The MastAttack 107: The Layperson’s Guide to Understanding Mast Cell Diseases, Part 82

95. How do you take oral cromolyn?

  • Cromolyn is a mast cell stabilizer. Most mast cell patients are on cromolyn. Currently, it is taken orally for use in the GI tract, or it is taken nebulized for use in the lungs.
  • Cromolyn is an incredibly finicky substance. It sticks to everything. Your body barely uses it: only 2% of cromolyn is actually absorbed in the GI tract and only 5% in the lungs. The cromolyn that is absorbed is actually not the cromolyn that helps stabilize mast cells. The rest basically just sits on top of cells in the GI tract or lungs and stabilizes mast cells that way.
  • In order to maximize benefit from cromolyn, it is important that it not be taken when there is food or medications that cromolyn could stick to. This is mostly an issue for oral cromolyn used in the GI tract. You do not want to take other medications too close to taking cromolyn because the cromolyn may stick to the other med and not be available to stabilize mast cells. You do not want to eat too close to taking cromolyn because the food could stick to cromolyn, making it unavailable to stabilize mast cells, or the food could block the cromolyn from getting to the surface of the mast cells, preventing it from stabilizing them.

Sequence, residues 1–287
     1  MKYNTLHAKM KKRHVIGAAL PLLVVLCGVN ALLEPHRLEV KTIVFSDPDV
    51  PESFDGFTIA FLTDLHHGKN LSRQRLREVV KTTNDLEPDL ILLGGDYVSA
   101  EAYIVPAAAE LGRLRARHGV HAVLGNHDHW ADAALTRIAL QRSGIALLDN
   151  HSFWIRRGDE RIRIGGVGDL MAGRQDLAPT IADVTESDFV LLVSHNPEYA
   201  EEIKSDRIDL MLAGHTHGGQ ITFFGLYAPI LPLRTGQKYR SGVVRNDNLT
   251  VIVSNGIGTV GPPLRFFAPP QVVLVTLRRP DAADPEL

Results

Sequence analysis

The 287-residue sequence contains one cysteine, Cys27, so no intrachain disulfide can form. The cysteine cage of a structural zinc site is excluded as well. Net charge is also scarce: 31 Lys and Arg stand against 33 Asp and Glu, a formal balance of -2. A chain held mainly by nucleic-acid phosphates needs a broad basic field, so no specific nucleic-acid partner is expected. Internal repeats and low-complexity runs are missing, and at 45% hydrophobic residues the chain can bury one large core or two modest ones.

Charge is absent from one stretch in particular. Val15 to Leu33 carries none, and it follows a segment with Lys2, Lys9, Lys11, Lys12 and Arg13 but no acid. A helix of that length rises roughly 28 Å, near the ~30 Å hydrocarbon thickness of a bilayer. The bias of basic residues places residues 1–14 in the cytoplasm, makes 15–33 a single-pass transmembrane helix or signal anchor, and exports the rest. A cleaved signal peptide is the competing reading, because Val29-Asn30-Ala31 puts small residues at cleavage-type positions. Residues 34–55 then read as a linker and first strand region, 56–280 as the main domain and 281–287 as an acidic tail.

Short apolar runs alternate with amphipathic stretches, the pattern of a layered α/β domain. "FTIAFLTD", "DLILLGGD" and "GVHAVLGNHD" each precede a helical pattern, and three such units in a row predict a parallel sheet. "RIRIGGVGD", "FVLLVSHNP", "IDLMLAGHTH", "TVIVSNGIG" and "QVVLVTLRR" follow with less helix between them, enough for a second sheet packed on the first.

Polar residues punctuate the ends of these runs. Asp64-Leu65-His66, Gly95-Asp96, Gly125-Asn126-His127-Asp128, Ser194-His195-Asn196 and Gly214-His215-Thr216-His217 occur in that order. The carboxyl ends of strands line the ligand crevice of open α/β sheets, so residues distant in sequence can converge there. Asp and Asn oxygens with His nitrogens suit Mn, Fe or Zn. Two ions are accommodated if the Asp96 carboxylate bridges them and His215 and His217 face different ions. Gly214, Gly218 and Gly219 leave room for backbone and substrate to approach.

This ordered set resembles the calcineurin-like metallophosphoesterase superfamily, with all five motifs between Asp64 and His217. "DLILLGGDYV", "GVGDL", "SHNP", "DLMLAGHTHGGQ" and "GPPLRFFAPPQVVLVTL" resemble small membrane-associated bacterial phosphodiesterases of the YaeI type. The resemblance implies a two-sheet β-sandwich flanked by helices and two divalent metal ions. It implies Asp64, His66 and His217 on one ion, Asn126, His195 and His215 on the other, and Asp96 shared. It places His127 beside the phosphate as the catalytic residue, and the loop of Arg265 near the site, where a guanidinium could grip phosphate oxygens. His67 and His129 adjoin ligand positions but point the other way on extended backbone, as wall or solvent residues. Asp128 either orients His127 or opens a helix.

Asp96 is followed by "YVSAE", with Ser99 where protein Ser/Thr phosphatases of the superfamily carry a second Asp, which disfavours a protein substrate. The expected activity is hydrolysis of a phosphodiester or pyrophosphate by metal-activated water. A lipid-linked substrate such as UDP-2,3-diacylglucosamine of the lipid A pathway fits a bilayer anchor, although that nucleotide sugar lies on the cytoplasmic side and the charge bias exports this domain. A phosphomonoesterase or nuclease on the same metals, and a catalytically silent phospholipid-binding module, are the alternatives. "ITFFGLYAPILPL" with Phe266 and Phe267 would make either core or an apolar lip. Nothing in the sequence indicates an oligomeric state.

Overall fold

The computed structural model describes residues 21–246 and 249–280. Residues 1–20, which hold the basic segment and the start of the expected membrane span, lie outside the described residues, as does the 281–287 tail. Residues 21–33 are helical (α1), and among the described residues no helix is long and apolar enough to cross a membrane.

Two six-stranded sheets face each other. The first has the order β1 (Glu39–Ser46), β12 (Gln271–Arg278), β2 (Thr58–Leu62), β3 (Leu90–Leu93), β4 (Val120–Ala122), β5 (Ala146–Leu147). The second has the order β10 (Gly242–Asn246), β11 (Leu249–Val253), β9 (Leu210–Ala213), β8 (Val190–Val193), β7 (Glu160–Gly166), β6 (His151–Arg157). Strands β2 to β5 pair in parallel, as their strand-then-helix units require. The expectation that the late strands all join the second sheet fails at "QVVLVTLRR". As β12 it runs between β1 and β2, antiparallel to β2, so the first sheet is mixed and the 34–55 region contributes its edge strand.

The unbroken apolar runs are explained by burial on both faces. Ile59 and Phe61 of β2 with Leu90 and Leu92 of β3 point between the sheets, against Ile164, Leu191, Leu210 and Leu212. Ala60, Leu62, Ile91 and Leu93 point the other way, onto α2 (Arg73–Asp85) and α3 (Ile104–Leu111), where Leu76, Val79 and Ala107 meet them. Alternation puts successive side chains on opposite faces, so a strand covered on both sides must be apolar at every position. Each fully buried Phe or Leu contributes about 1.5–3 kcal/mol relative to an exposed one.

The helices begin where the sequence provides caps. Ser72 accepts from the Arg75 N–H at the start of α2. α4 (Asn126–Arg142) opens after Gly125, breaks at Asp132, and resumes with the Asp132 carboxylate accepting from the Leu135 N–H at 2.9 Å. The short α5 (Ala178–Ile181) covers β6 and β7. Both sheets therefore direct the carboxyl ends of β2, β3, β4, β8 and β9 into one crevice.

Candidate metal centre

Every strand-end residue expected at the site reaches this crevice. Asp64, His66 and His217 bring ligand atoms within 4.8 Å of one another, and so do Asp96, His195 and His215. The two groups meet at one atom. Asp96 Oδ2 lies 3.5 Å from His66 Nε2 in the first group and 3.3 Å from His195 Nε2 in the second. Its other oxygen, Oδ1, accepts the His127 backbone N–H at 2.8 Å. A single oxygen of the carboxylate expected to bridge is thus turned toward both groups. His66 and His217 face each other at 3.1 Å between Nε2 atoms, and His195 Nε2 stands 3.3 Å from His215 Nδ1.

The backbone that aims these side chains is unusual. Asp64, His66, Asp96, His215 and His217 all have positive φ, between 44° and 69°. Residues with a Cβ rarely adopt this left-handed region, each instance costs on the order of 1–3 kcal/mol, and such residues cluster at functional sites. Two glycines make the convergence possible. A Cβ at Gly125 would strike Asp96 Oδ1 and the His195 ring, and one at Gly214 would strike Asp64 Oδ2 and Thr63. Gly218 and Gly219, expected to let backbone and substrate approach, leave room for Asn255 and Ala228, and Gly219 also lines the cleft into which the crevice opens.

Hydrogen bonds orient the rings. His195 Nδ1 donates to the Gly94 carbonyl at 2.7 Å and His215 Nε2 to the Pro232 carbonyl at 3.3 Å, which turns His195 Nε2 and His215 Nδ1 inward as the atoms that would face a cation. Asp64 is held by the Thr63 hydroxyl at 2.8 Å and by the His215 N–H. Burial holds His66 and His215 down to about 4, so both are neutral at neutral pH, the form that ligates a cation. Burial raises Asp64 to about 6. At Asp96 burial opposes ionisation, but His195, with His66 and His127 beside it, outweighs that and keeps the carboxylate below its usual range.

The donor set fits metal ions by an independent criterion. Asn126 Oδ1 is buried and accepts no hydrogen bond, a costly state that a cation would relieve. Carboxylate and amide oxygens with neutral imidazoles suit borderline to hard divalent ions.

• Oral cromolyn is usually taken 30 minutes before meals and at bedtime for a total of four times daily. Cromolyn should not be taken until two hours or more after eating the previous meal as this is about how long it takes for food to move out of the stomach. It is worth noting that many mast cell patients have gastroparesis or impaired GI motility which can cause food to stay in the stomach longer. There is no particular recommendation on what to do in this instance.
  • Ampules of cromolyn need to be stored at room temperature and protected from light. The ampules should not be taken out of the foil packs until you are using them. They should not be mixed ahead of time.
  • The intended dose for oral cromolyn in mast cell patients is usually 200 mg (two ampules) four times a day. Patients usually do better when they gradually increase the amount of cromolyn they are taking rather than starting at that dose. How slowly they increase varies widely. Patients should speak with their providers about an appropriate dosing schedule. There is lots of information about this in patient groups and forums.